2  height    FLOAT      True    None          auto            0
User(name='kevin', age=None, height=None)
User(name='tyrone', age=None, height=None)
User(name='carlos', age=None, height=None)

Now let's try to select only a subset of the columns - in this case, 'name' and 'age'.

users =['name', 'age'])
User(name='kevin', age=None)

Note that the user height was set to EmptyValue. When we try to access height as an index, we get an error indicating that the data was not retrived in the select statement.

except KeyError as e:
'The column "height" was not retreived in the select statement.'

On the contrary, if we try to access as an attribute, the actual EmptyValue object is retrieved. Object properties work as they always have, but indexing into columns will check for errors in the program logic. This implementation shows how dataclass schemas walk the line between regular python objects and database rows, and thus accessing these values can be done differently depending on how much the table entries should be treated like regular objects vs database rows. This is all determined based on how the dataclass columns are configured.


Special column types

Now I'll introduce two special data column types provided by doctable: IDCol(), which represents a regular id column in sqlite with autoindex and primary_key parameters set, and UpdatedCol(), which records the datetime that an object was added to the database. When we create a new user using the dataclass constructor, these values are set to EmptyValue, and are relevant primarily to the database. By setting the repr parameter in the @dataclass decorator, we can use the __repr__ of the DocTableRow base class, which hides EmptyValue columns. This is optional.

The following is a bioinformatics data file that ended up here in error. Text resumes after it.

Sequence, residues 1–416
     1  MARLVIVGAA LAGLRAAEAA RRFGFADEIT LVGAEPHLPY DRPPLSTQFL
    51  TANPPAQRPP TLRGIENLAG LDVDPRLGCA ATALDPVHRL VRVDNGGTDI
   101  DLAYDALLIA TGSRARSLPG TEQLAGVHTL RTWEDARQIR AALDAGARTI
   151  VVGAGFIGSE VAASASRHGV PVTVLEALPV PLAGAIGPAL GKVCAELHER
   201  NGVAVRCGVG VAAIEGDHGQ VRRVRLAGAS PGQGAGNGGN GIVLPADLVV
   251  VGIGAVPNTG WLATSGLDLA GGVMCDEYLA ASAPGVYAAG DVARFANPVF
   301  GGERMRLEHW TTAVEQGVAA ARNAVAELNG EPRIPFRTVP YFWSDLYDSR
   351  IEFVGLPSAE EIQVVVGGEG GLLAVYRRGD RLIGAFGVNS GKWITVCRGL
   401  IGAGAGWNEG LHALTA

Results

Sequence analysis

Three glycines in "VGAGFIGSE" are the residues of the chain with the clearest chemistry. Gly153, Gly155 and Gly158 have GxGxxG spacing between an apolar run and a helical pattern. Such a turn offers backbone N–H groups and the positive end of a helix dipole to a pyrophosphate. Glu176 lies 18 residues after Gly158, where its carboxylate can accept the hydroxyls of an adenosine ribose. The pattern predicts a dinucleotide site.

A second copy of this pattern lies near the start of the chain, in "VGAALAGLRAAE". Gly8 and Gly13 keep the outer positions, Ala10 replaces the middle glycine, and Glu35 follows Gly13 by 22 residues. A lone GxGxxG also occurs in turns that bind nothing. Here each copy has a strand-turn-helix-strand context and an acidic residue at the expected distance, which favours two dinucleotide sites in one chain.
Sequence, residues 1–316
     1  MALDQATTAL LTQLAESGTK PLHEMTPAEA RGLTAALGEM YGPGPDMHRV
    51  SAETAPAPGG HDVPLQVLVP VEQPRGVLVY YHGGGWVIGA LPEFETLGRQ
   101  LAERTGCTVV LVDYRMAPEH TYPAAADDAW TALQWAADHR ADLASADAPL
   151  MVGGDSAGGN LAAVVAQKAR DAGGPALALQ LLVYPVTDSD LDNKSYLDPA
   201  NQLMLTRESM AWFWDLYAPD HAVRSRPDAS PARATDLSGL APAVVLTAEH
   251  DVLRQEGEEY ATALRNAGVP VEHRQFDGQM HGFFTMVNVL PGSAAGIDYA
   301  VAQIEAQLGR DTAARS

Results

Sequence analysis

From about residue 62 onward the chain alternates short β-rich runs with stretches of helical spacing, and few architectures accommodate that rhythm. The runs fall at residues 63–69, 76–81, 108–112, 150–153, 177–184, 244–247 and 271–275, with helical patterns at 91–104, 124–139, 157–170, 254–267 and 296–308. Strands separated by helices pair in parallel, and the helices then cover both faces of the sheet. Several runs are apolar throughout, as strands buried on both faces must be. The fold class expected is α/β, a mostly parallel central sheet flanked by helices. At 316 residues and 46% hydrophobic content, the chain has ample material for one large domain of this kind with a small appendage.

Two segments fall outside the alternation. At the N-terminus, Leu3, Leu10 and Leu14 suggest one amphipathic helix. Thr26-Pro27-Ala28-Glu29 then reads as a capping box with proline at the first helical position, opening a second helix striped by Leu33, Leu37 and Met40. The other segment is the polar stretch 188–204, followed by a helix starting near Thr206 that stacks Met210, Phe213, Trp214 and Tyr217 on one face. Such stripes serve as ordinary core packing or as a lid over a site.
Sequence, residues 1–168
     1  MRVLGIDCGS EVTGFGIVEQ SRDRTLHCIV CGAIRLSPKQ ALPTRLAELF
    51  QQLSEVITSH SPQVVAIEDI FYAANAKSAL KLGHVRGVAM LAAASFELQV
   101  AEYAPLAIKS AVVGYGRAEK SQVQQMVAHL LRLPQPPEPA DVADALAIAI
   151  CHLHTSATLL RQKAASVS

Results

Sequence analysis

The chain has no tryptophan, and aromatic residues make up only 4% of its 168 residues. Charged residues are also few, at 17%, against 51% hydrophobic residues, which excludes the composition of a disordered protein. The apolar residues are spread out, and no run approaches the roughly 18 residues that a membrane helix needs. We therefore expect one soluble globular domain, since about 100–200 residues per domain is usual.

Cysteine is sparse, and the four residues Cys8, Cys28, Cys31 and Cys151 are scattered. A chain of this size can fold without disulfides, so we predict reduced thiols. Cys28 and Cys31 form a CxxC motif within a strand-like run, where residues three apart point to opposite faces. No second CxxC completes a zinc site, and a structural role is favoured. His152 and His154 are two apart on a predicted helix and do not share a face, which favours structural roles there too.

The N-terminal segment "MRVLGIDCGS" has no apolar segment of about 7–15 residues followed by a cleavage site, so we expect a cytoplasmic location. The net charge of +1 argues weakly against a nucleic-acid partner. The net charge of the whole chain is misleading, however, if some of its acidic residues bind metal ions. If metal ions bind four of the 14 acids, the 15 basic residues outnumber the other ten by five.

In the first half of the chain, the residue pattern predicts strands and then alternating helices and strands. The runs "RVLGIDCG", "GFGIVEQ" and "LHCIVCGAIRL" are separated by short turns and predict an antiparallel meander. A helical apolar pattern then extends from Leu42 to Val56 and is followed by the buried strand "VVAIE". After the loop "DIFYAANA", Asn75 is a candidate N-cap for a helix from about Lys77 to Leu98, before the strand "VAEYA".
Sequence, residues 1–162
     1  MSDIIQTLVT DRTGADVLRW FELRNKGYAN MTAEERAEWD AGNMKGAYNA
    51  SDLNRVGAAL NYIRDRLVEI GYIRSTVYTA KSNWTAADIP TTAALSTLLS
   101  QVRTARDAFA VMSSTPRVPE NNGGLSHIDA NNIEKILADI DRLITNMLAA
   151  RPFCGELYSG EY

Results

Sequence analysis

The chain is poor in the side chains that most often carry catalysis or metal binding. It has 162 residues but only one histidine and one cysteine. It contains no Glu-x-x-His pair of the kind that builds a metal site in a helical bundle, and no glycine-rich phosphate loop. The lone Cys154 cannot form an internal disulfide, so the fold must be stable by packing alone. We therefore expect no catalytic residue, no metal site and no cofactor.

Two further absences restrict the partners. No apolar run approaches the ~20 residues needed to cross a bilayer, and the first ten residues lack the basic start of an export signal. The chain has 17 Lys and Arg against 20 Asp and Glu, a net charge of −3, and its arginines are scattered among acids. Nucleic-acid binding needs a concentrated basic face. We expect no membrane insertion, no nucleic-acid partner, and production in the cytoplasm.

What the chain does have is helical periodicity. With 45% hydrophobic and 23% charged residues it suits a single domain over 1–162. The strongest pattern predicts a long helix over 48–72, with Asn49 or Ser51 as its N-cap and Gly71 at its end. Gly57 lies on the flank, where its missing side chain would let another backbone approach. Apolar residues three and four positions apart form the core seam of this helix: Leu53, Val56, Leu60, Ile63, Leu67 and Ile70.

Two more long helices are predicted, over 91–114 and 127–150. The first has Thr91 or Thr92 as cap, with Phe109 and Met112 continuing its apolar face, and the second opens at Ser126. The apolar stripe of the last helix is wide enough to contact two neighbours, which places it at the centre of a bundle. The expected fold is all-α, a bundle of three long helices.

from dataclasses import field, fields
class User:
    __slots__ = []
    id: int = doctable.IDCol() # shortcut for autoindex, primary_key column.
    updated: datetime = doctable.UpdatedCol() # shortcut for automatically 

    name: str = doctable.Col(nullable=False)
    age: int = doctable.Col(None) # accessing sqlalchemy column keywords arguments

user = User(name='carlos', age=15)
User(name='carlos', age=15)

And we can see the relevance of those columns by inserting them into the database and selecting them again. You can see from the result of .head() that the primary key id and the updated columns were appropriately filled upon insertion. After selecting, these objects also contain valid values.

db = doctable.DocTable(schema=User, target=':memory:')
db.insert([User(name='kevin'), User(name='tyrone', age=12), User(name='carlos', age=25)])
      name      type  nullable default autoincrement  primary_key
0       id   INTEGER     False    None          auto            1
1  updated  DATETIME      True    None          auto            0
2     name   VARCHAR     False    None          auto            0
3      age   INTEGER      True    None          auto            0
id updated name age
0 1 2021-07-21 19:03:04.550804 kevin NaN
1 2 2021-07-21 19:03:04.550809 tyrone 12.0
2 3 2021-07-21 19:03:04.550811 carlos 25.0

This was just an example of how regular Python dataclass objects can contain additional data which is relevant to the database, but which is otherwise unneeded. After retrieving from database, we can also use .update() to modify the entry.

user = db.select_first()
user.age = 10
db.update(user, where=db['id']==user['id'])
id updated name age
0 1 2021-07-21 19:03:04.550804 kevin 10
1 2 2021-07-21 19:03:04.550809 tyrone 12
2 3 2021-07-21 19:03:04.550811 carlos 25

We can use the convenience function update_dataclass() to update a single row corresponding to the object.

user.age = 11
id updated name age
0 1 2021-07-21 19:03:04.550804 kevin 11
1 2 2021-07-21 19:03:04.550809 tyrone 12
2 3 2021-07-21 19:03:04.550811 carlos 25